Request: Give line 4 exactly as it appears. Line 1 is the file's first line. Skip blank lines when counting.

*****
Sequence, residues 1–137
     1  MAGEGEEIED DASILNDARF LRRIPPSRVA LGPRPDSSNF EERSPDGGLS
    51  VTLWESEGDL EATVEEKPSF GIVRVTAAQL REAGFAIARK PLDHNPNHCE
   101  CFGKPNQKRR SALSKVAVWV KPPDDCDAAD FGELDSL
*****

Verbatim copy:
   101  CFGKPNQKRR SALSKVAVWV KPPDDCDAAD FGELDSL